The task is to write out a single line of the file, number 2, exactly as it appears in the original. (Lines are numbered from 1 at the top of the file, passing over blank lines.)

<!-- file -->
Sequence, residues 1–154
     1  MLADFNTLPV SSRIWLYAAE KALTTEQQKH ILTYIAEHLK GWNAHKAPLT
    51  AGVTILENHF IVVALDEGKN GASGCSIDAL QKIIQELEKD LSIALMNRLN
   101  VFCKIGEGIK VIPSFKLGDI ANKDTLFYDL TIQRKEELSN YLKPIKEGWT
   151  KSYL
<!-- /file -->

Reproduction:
     1  MLADFNTLPV SSRIWLYAAE KALTTEQQKH ILTYIAEHLK GWNAHKAPLT